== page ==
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Luxury food and vintage wine

  • Story Highlights
  • This month Art of Life discovers luxurious food and drink for discerning palates
  • We travel to the House of Krug to drink the world's finest Champagne
  • Jenny Harrison lives the chocaholic's dream as a Valrhona chocolate tester
  • Monita Rajpal goes looking France's black diamond - the perigord truffle
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(CNN) -- This month's Art of Life will whet even the most discerning of appetites. We are on a quest to discover some of the world's most luxurious culinary treats.


This month's Art of Life find some of the world's finest food and wines -- it is all about good taste

Monita Rajpal fills up on fizz at the House of Krug, headquarters of the world's finest Champagne and Remi Martin's Vincent Gr tantalizes her tastebuds with hundred year old Cognac. Jenny Harrison samples Valrhona's vintage chocolates and we go hunting for the prized black perigord truffle.

Krug: living the Champagne lifestyle

Art of Life visits the House of Krug in Reims -- home to the most expensive and exclusive of all champagnes -- to find out what makes this brand so highly prized. Traditional rivals like Cristal are now associated with the hip-hop scene, but Krug remains loyal to a certain class of clientele. Monita Rajpal looks at Krug's brand management and finds out how they maintain their cachet amid surging demand for fizz. She speaks to Remi Krug about the family's heritage and the challenges that lie ahead.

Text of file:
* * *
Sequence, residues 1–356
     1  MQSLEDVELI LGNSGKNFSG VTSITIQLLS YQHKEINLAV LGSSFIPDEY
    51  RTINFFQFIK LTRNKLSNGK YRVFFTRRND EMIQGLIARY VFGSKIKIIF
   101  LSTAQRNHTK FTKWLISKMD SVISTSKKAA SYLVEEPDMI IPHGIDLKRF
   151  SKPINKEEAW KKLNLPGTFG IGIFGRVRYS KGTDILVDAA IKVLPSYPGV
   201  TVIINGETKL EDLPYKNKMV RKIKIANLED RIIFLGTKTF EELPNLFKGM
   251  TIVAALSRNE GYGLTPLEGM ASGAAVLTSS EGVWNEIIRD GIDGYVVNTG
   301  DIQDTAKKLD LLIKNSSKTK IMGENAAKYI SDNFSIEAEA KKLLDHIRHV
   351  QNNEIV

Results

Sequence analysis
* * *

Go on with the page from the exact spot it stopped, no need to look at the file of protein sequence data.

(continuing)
Valrhona: hot chocolate

From its discovery more than 3,000 years ago to the present day the cocoa bean has been a highly prized commodity. Recently though, the chocolate industry has undergone something of a transformation as consumers' palates become more sophisticated. Chocoholics have developed a taste for high-quality cocoa beans and so-called single-estate vintage chocolates. In Europe, the Valrhona name stands out among chocolatiers as the ultimate in chocolate prestige. Jenny Harrison takes a trip to their chocolate making facilities in the Rhone Valley and experiences every chocoholic's dream as a fine chocolate taster.

Truffles: in search of France's black diamond

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The black perigord truffle is so valuable and so rare that it's earned the nickname the "black diamond". Its growth depends on a mysterious relationship between spores in the soil and certain tree roots and any attempts to cultivate it commercially have met with limited success. Art of Life follows the mushroom's journey from the earth to the plate with premier truffle restaurateur Clement Bruno and examines why this small part of the gourmet food industry remains so shrouded in secrecy.


Remy Martin: liquid gold

Remy Martin's Louis Treize Cognac will set you back $250 dollars a shot. Why? Because it's one hundred years in the making. Cellarmasters at Louis Treize never see the fruits of their labor and many of the company's master blenders are working on blends started by they grandfathers. Monita met up with Head of Estates Vincent Gr to find out more about the art of making and tasting fine cognac. E-mail to a friend E-mail to a friend

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